How a Strong Sales Cadence Keeps Your Sales Team Marching Forward Together
Research shows that in order to maximize your conversion rate you’ll need to touch a prospect 8 to 12 times, in part because 80% of leads do not close on the first call. Typically, this series of “touches” will occur as a combination of emails and phone calls on the part of your sales team. These multiple attempts to communicate with a prospect are more than just tasks to keep the sales team busy. Rather, these touches should make up the foundation of your prospecting strategy. You therefore need a plan for all of these communications, to ensure sales reps are consistent in their use of them.
The best sales team management accomplishes this by following a sales “cadence.” Ideally, this cadence is determined by testing, to determine the best time to reach out to prospects and how (i.e., with what message and via which channel). However, there is another kind of cadence that’s critical to an effective sales prospecting strategy: The cadence that gets and keeps your team marching in the same direction toward the same goals.
High-performing sales organizations put processes in place to ensure their salespeople focus on the highest value sales opportunities. That’s because the repeatability and consistency that come from such a cadence will drive effective sales planning. In addition, if you maintain a predictable cadence with regard to territory, account and opportunity planning, you’ll forecast more accurately and reps can more easily build a healthy pipeline.
A good cadence of this kind is like glue that keeps everyone together. It takes key elements of success into consideration, such as strategy, structure, individual skill sets and processes. The cadence you choose to establish is less important than having one. A cadence can follow any sequence based on the needs of your organization, such as these four meetings suggested by The Sales Benchmark Index.
That said, according to sales influencer Jim Keenan, a good sales cadence must cover these five critical elements:
- Daily meetings – Meet with your team every day to keep on top of the day-to-day things that can be overlooked. These might be meeting quotas, tracking deals, reviewing pipelines, reviewing products, or other topics specific to your organization. Although regular sales training is important, and 55.6% of companies invest more than $1500 annually training sales reps, according to the 2015 CSO Insights Performance Optimization Study, these kinds of daily check ins can be invaluable in keeping everyone marching to the beat of the same drummer.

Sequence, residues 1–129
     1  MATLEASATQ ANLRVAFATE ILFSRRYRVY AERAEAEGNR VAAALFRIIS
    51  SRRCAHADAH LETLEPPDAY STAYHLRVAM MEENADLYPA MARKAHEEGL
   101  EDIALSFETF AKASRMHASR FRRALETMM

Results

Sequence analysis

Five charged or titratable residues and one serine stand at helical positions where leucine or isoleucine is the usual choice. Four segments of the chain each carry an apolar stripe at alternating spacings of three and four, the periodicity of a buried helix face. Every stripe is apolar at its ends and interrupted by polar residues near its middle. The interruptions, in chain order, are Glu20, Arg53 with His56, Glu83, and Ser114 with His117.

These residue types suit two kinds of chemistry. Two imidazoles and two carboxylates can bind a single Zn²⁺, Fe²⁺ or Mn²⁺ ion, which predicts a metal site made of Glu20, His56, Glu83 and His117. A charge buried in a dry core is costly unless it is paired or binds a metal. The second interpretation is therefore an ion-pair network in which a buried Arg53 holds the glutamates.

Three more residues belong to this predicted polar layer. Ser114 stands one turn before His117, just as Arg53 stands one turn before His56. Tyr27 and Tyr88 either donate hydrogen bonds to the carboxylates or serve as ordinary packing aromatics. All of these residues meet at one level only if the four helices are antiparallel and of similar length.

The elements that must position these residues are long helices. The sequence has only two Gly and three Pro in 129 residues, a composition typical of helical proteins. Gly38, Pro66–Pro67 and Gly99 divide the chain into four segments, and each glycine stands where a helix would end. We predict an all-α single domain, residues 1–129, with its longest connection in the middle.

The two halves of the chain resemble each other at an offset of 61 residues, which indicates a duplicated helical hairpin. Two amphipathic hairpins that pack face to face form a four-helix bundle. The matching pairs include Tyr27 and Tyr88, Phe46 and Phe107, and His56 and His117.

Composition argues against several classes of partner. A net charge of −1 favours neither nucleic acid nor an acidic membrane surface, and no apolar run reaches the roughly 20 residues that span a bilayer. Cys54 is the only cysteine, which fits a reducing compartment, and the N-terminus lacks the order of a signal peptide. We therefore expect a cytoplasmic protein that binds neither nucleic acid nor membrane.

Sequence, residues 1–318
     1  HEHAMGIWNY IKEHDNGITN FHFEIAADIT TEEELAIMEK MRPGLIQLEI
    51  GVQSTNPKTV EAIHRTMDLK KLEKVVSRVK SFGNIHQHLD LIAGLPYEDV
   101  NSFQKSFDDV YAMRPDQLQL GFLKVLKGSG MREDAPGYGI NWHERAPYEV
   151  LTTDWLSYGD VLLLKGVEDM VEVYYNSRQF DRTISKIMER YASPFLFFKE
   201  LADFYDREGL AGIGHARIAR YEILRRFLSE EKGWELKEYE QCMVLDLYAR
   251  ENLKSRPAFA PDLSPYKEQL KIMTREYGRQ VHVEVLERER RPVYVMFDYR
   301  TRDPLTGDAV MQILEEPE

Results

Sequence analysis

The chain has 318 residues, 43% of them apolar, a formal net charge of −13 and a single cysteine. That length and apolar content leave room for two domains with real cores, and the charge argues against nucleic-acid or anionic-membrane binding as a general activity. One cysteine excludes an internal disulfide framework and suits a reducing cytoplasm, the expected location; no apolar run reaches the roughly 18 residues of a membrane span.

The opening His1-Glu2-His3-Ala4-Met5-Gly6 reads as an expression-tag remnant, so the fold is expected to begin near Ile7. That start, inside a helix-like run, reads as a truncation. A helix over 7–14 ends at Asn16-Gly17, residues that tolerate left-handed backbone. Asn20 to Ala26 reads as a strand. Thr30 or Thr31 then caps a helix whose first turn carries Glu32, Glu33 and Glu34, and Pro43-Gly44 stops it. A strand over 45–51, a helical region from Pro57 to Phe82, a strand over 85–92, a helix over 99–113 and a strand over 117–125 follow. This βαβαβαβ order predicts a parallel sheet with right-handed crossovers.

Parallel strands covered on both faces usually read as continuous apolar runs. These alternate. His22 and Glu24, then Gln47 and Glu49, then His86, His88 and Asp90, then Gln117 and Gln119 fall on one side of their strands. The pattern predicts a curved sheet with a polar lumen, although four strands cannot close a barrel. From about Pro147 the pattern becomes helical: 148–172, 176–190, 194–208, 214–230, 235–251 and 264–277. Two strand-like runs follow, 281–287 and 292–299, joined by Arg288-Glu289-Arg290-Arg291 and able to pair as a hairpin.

- Coaching – Sales team management has another role to play beyond keeping reps on track: coaching. And providing that coaching on a regular basis is an important element of your sales cadence. A predictable and consistent coaching schedule demonstrates that support for individual team members is always available, in addition to creating more effective sales reps. Coaching is essential to the success of a team, improving sales performance by up to 19%, and it can be particularly beneficial to the middle performers.
- Planning meetings – Reviewing quarterly and yearly plans and how well your team is attaining those goals is critical. Have the team regularly report on progress during these meetings. B2B companies that don’t align sales and marketing teams around the right processes and technologies have lost upwards of 10% or more of revenue per year, according to IDC.
- Performance reviews – Nearly 50% of sales managers cited increasing sales effectiveness as a top sales objective in 2015, according to the 2015 CSO Insights Performance Optimization Study. However, almost half of all sales teams don’t have a playbook. The solution? Performance reviews. Performance reviews provide individual team members with a benchmark for them to gauge against desired results and behaviors. These kinds of reviews can be the apex of career planning, performance improvement plans and motivation.
- Team and organization reviews – Your sales cadence is not only about individual sales reps, but also about the team. And the best way to put together a great team is to constantly review the make-up of the team and how well they operate together. Assessing the team on a consistent basis ensures you’ll have the right team in place to be successful. In addition, you’ll have reps who are engaged as a team, and engaged organizations grow profits as much as three times faster than their competitors.
There isn’t any set cadence you can download from the Internet and put into place. The sales team management at your organization will need to determine the best cadence, one that improves sales prospecting on a continual basis. Nor will determining this cadence affect only the sales department. “Ultimately, sales cadence will involve adjusting internal processes for the whole organization, and will probably hinge on learning how to redeploy or redesign the organization’s CRM in order to more efficiently track, manage and organize information across all divisions,” according to Salesforce.com.
Still, it’s worth it, even if developing a sales cadence might seem like a bother, and more work to add to your already overflowing plate. Think of it like rowing a boat. Initially, it can be hard to keep the boat straight. Once you find the right rhythm the momentum of the entire team will increase and you will move together almost effortlessly.